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Everyone in Australia knows that Vegemite on toast is an acquired taste. Some people love it and others hate it.
But you'd hardly consider it in the 'bizarre' category when it comes to culinary delights.
Taste Atlas has described Vegemite on toast as a 'polarising' and 'authentic Australian breakfast food' that 'needs to be spread over toast and butter in a fine, thin layer that you can see through, since it accentuates the flavours that are already present'.
But the site, which provides information about food from all around the world, has listed this Australian staple as one of the top 20 most bizarre foods you can eat.
When we say bizarre, we mean bizarre.
The brekkie meal has been listed next to the likes of Alaska's Muktuk (a traditional Eskimo dish made from frozen whale skin and blubber), Palau's Fruit Bat Soup, Scotland's Crappit Heads (fish heads filled with a combination of onions, oats, suet, and fish liver), or Japan's Shirako (cod's milt, or sperm sacs).
Still don't think they're that bizarre?
Well Vegemite on toast has also been ranked next to Vietnam's Tiết canh (which is a dish is prepared with fresh animal blood that is mixed with fish sauce), Italy's Casu Marzu (which is a type of rotten cheese that has live maggots inside) or even Cambodia's A-Ping (which is essentially fried tarantulas).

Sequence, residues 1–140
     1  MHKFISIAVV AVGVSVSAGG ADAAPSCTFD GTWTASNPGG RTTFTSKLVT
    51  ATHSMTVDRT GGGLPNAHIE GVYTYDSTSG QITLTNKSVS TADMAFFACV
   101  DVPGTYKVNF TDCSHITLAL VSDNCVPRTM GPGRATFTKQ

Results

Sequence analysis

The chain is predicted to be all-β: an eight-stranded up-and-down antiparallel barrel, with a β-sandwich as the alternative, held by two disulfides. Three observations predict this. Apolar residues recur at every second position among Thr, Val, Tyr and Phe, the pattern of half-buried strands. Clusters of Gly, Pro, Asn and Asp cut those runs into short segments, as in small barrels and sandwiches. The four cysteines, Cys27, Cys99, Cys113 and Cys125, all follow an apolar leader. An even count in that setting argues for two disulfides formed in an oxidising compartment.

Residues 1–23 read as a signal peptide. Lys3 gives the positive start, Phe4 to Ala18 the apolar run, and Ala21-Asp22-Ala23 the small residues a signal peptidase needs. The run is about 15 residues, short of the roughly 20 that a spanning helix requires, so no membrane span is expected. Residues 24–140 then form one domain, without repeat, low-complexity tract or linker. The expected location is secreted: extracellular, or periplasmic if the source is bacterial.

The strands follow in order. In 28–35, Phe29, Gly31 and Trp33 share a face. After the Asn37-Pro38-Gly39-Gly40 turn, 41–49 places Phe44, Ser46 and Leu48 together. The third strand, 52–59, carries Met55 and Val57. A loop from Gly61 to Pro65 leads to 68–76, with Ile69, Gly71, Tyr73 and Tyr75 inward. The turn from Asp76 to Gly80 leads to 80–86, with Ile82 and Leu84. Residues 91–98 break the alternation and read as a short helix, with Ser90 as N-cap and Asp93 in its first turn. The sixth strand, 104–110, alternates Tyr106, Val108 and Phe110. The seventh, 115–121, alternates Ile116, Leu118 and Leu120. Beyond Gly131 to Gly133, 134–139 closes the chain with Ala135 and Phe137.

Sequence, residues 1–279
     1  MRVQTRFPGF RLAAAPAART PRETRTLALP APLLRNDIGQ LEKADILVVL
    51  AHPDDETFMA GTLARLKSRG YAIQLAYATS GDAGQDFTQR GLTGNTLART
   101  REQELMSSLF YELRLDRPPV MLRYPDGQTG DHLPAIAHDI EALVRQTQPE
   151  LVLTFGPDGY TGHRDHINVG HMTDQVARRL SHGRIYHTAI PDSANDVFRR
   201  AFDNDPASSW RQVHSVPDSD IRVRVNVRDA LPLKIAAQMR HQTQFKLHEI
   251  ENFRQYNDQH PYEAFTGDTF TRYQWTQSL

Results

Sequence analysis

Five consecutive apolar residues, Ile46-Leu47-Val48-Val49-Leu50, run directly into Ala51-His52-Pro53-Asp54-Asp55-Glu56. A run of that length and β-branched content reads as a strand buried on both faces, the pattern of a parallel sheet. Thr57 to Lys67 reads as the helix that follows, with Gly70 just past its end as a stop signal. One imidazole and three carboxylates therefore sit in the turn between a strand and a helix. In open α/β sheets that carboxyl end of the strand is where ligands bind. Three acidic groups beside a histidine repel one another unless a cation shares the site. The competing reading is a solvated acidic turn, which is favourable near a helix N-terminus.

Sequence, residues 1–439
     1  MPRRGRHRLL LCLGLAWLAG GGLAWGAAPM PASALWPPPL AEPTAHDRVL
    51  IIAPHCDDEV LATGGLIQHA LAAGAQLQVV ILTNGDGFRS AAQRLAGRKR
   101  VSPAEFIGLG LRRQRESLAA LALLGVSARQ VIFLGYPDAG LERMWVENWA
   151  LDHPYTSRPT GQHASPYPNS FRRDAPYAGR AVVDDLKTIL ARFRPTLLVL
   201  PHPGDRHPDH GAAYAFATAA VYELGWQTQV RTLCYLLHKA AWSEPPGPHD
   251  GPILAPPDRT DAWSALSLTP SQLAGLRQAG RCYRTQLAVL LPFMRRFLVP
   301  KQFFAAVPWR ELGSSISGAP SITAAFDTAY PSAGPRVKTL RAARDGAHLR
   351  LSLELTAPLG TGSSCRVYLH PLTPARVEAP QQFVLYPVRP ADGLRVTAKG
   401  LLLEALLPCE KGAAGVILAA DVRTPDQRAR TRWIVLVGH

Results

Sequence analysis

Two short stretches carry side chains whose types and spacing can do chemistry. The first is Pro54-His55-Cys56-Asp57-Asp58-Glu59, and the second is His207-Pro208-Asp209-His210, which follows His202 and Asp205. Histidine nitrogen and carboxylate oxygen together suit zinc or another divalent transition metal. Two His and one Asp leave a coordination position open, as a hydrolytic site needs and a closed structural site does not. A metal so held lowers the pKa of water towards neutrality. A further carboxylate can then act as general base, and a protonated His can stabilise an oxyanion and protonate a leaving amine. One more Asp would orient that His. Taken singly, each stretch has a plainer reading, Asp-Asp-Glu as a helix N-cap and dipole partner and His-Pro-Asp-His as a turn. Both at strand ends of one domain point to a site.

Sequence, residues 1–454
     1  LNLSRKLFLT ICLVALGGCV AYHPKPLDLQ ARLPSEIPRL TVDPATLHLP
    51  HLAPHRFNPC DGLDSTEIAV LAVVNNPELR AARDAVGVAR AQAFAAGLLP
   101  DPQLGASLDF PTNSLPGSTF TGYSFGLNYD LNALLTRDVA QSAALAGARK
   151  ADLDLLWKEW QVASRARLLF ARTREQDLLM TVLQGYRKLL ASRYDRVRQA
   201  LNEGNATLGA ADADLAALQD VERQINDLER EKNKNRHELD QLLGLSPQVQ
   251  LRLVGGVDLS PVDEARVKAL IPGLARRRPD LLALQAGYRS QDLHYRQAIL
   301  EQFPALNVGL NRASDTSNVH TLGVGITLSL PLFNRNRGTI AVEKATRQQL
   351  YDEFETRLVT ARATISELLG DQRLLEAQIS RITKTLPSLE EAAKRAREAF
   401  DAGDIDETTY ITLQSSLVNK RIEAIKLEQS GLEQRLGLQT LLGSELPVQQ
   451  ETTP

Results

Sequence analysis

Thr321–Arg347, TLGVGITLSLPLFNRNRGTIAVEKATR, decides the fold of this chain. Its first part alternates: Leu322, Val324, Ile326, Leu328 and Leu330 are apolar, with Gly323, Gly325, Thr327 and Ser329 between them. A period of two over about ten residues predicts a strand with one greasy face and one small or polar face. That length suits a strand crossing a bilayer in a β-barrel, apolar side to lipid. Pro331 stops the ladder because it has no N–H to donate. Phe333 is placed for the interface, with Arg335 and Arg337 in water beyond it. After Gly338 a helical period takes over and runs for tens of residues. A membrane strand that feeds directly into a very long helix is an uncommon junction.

It's baffling to even think that a deep-fried spider could be akin to eating Vegemite on toast.
Even if you think that's not too bad, surely we can agree it's nowhere near as bad as 'Virgin Boy Eggs' which are eggs that are cooked in the urine of prepubescent boys.
After the list made its way onto social media, Aussies weren't impressed.
One person wrote: "It's definitely an acquired taste but yeah it's not bizarre compared to the rest of these. It almost feels like someone is trolling."
Another said: "THAT'S A BLOODY OUTRAGE, IT IS. I'M GOING TO TAKE THIS ALL THE WAY TO THE PRIME MINISTER."
A third added: "Somewhere on the other side of the planet, someone is thinking 'What's wrong with our fried tarantulas? How can they compare that with Vegemite?'"
That last point is fair considering Aussies reckon Vegemite is pretty harmless, however people outside Australia could find it utterly repulsive.
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